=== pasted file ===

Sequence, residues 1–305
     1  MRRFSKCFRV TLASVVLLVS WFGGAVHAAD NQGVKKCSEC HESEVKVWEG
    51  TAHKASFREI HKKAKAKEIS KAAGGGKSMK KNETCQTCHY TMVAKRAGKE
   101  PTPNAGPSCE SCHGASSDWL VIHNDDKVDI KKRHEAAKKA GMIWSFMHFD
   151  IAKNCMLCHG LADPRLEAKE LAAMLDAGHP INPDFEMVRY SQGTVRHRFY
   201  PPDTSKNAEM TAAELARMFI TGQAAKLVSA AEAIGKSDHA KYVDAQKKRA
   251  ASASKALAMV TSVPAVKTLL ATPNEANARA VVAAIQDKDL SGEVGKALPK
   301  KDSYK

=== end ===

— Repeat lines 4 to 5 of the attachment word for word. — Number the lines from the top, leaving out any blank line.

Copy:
   101  PTPNAGPSCE SCHGASSDWL VIHNDDKVDI KKRHEAAKKA GMIWSFMHFD
   151  IAKNCMLCHG LADPRLEAKE LAAMLDAGHP INPDFEMVRY SQGTVRHRFY